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‘Dagger Time’ shows the Detroit Lions are aware of their biggest weakness

The Lions are their own worst enemy because of their inability to capitalize

NFL: Tampa Bay Buccaneers at Detroit Lions Tim Fuller-USA TODAY Sports

What’s been the Lions greatest weakness as of late? Scratch that. What’s been the Lions greatest weakness of the last 10 years? Is it defense? No. Is it coaching? Maybe. What is it? It’s the Lions inability to stick the dagger in the opponent's back and twist. It’s the Lions not capitalizing when they’re ahead and putting the game away.

One of the chief complaints that Lions fans have had about the team in the last decade is that they appear to go full conservative mode after gaining a lead. We’ve all seen them rest on their laurels and bring out the prevent defense and try running the clock on the ground on offense. If that’s their version of sticking the dagger in, allow me to demonstrate what happens to the Lions just about every time they do that. I’ve brought in a video for the class to watch today. Take it away, boys.

They wind up getting embarrassed. This is a team that hasn’t ranked higher than 17th in rushing yards since 1998. Why are you trying to run the ball? It’s not going to work, and everyone knows it. Why is the prevent defense out there? It’s never prevented anything before. Buckle down, for crying out loud.

Sorry, I let my emotions get the best of me there. It’s quite maddening, and it’s not something one iteration of the team or the coaching staff has done. Sure Jim Caldwell led the league in conservatism, but Matt Patricia is practicing the same approach. At least Jim Schwartz, who couldn’t get it right either, let a young Matthew Stafford chuck the ball down the field late in games.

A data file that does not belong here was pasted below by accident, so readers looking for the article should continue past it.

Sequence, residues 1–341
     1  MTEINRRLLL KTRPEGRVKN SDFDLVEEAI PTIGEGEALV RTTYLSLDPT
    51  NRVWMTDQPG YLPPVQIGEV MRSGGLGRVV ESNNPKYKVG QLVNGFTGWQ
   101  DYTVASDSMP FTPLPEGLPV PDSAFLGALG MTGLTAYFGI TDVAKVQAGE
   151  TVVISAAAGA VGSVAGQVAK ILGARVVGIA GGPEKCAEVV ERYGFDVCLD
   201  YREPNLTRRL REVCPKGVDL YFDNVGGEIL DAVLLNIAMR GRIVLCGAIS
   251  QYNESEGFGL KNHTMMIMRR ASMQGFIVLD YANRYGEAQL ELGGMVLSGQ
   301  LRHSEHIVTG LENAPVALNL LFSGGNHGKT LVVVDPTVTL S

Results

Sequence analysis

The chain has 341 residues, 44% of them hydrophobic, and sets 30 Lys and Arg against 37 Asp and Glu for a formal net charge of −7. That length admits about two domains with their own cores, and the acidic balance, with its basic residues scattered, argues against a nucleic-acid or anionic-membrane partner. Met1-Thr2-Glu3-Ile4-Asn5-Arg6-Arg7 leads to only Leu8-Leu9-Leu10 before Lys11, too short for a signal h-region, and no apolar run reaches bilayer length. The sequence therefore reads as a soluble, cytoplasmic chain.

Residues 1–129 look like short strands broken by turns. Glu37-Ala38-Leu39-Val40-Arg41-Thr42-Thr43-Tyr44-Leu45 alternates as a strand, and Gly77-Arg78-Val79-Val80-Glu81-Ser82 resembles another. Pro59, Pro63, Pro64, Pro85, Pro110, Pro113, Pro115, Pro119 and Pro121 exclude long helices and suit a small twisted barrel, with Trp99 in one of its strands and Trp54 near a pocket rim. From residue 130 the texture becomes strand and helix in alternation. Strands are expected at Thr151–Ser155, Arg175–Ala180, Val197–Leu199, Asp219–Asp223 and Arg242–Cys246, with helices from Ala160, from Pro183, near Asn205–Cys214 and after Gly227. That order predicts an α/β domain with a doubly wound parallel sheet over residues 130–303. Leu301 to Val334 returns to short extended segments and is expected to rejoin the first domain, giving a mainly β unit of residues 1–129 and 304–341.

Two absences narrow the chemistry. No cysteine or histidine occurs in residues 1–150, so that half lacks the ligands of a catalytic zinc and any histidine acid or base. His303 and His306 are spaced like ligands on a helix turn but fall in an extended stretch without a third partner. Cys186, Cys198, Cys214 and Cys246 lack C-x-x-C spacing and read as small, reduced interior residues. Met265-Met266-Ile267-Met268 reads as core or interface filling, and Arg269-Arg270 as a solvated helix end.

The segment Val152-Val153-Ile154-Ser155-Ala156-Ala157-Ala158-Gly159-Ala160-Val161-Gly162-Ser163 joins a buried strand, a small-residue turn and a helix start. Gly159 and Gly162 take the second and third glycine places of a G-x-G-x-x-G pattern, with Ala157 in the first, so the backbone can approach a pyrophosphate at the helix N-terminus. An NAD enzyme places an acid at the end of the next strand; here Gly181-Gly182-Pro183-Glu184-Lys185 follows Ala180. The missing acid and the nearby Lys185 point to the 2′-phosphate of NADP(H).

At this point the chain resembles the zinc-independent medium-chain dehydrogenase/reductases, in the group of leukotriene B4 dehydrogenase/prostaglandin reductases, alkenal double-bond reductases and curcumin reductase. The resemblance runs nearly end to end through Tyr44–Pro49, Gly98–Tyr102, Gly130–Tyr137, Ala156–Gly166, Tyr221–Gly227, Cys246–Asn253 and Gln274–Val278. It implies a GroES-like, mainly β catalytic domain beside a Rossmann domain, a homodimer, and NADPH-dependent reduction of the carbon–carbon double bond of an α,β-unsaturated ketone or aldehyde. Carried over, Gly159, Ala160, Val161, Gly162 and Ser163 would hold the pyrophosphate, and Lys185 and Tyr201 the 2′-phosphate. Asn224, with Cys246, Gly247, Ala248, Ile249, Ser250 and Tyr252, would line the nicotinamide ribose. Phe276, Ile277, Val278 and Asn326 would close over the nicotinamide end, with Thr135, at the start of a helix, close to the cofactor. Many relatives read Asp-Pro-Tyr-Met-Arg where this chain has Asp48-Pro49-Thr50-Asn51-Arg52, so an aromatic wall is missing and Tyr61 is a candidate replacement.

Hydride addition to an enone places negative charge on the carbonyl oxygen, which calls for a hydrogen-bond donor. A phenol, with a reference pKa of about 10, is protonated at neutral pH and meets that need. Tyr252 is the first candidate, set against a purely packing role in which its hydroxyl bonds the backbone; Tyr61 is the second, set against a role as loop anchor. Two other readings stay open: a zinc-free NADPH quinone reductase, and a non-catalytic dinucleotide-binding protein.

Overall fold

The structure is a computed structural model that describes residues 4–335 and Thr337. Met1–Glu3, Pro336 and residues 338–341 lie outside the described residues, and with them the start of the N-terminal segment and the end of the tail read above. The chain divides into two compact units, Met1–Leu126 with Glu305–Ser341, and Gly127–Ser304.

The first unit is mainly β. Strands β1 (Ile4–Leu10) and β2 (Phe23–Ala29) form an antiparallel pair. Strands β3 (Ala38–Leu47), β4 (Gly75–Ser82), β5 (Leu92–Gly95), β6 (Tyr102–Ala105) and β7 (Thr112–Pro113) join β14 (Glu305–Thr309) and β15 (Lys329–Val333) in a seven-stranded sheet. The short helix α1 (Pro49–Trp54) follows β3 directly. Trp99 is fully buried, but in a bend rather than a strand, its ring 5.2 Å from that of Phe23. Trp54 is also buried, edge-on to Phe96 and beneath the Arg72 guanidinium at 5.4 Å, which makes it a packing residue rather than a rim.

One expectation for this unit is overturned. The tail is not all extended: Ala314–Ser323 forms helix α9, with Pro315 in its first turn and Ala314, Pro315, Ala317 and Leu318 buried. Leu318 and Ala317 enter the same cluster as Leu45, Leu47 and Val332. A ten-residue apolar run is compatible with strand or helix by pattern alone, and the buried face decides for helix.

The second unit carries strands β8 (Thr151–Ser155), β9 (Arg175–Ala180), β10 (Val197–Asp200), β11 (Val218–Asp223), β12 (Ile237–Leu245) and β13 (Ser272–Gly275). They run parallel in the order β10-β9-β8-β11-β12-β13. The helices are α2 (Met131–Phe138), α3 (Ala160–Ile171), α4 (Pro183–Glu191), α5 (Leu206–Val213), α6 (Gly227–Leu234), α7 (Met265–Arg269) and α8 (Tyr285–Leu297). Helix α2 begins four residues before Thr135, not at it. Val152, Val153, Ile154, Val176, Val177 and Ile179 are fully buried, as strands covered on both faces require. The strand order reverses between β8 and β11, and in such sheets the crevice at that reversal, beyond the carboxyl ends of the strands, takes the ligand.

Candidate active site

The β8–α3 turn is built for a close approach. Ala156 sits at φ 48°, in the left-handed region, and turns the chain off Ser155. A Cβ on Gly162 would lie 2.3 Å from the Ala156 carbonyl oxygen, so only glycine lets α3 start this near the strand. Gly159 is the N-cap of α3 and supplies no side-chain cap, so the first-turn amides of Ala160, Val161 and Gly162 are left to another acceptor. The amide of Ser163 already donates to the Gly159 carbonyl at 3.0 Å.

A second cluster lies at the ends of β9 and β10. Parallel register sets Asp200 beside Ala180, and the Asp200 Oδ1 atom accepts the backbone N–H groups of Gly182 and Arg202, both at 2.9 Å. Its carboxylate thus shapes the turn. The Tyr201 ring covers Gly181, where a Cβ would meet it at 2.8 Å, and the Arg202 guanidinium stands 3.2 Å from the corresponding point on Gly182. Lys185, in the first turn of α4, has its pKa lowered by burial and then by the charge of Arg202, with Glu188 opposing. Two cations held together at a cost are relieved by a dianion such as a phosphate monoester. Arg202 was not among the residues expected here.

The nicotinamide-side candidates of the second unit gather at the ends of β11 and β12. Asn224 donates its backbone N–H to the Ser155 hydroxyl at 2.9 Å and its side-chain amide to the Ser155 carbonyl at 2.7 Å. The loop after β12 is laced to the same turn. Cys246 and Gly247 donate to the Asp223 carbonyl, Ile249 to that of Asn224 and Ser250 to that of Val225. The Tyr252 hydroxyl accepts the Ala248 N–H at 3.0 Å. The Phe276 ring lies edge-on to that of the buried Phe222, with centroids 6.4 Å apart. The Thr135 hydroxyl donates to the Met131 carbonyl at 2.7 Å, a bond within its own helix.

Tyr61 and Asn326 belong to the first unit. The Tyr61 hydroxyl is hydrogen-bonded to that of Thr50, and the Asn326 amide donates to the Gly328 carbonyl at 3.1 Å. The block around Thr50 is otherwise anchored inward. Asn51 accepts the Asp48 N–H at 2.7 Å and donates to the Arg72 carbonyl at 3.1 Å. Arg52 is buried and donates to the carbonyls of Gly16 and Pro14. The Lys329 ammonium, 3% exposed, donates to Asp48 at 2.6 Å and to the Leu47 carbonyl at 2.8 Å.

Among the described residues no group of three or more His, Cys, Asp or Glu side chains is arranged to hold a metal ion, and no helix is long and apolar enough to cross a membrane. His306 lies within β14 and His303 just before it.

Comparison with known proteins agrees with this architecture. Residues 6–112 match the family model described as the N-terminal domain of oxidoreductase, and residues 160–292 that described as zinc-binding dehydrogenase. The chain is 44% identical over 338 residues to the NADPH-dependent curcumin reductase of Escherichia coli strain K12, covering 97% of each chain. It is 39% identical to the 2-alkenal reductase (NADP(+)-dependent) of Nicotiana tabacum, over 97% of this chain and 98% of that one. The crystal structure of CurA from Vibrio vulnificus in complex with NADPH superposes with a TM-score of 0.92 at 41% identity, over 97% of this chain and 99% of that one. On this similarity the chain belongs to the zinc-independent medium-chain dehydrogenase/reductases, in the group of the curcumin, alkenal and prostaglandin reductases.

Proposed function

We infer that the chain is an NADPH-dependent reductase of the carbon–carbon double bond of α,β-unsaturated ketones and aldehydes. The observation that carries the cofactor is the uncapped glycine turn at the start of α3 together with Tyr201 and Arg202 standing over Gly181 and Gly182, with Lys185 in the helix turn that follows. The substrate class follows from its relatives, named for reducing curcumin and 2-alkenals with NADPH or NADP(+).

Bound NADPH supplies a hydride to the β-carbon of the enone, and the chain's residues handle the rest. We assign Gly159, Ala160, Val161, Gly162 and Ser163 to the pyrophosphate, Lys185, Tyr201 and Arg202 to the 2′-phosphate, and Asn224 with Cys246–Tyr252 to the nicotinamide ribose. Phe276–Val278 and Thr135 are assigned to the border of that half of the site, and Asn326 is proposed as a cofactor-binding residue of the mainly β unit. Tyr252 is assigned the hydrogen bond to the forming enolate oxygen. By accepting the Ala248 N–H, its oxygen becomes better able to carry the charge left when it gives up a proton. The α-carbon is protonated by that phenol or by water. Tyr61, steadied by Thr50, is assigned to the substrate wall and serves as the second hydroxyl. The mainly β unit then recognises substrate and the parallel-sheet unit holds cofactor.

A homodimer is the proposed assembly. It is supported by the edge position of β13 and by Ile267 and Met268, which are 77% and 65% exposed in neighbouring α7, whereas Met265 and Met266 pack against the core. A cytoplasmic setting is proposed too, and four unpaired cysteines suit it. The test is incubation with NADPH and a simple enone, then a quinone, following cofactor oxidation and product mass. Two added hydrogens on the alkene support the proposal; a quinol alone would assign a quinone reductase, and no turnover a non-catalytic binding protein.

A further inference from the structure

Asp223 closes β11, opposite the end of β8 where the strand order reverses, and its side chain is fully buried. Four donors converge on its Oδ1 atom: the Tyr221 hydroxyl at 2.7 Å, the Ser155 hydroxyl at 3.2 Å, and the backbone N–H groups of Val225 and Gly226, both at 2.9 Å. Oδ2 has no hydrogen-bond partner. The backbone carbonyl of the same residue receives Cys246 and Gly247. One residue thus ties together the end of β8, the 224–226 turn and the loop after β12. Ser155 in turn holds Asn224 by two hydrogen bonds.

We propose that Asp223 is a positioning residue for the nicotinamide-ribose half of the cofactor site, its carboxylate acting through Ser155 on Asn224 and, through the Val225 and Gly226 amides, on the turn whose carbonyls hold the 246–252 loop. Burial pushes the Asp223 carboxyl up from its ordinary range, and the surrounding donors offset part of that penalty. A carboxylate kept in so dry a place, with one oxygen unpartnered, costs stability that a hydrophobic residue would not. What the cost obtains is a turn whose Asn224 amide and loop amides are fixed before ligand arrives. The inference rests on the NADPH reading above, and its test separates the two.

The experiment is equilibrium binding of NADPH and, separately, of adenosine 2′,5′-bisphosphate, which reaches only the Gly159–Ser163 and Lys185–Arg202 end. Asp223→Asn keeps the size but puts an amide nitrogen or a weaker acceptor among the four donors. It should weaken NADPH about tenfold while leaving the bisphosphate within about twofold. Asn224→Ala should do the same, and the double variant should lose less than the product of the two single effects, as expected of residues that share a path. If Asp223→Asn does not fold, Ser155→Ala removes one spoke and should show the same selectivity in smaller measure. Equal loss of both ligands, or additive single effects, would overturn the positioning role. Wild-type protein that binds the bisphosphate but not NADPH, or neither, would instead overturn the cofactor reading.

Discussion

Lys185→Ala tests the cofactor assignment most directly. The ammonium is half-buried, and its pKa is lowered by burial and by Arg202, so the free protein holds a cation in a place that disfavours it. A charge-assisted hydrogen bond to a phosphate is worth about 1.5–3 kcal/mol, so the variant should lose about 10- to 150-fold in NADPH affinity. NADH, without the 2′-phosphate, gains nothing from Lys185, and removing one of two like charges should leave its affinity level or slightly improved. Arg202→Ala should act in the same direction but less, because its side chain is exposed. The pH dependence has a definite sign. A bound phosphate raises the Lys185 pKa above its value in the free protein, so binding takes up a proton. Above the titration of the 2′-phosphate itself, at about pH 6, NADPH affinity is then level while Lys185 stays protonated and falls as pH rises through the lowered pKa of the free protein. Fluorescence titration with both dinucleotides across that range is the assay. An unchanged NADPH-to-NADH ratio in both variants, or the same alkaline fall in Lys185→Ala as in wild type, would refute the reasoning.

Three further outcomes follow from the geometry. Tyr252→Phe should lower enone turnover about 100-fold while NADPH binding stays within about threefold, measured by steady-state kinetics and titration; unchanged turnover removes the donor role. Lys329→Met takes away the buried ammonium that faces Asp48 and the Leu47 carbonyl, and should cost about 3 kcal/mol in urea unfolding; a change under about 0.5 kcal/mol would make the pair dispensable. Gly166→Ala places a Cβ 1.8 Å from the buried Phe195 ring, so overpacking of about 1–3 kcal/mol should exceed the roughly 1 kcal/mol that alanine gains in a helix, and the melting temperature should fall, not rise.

It’s a counterproductive thing that I’m sure fans of every football team complain about. Why would a team ever go away from what’s working? If your quarterback is having a day, let him keep having a day. Same goes for anything else. If your defense is working with an aggressive game plan, don’t have them back off in the fourth quarter.

The good news is that it would appear the Lions may be aware of this issue. On Monday Lions tight end T.J. Hockenson was made available to the media and he spoke about what the team’s new mantra is going into the 2020 season.

“Everyone says ‘finish,’ but I think we wanted to change it up. We’ve heard that throughout growing up is ‘finish, finish, finish.’” Hockenson said. “We kind of wanted to put our own little spin on it. It was something Stafford came up with. I think we’re all just trying to buy into it, dagger time. Red zone, finishing, it’s the name of the game. It’s just things we want to improve. It’s just a little spin that us as an offense and team that we’ve adopted.”

That is a step in the right direction. Maybe it’s not right to say “finish” anymore. We’ve seen the Lions finish plenty of games. We’ve seen all the come from behind victories in the last minute. They’re a lot of fun. But the idea, now, should be to never be in that situation in the first place.

Sure the aspect of “finish” still needs to be there. The Lions need to finish drives instead of fall short. There needs to be a focus put on completing drives with touchdowns and not field goals. And, for god’s sake, convert on your third-and-1s.

But the bigger goal should be, if the Lions are playing well, they need to continue to play well. This new attitude could potentially keep the Lions out of situations like the ones they had in Arizona and Green Bay last season—getting out to big, early leads, but not putting the dagger in.

It remains to be seen what exactly the Lions mean by “dagger time,” but if it’s anything less than putting the pedal on the floor and keeping it there, this team is going to remain in trouble.

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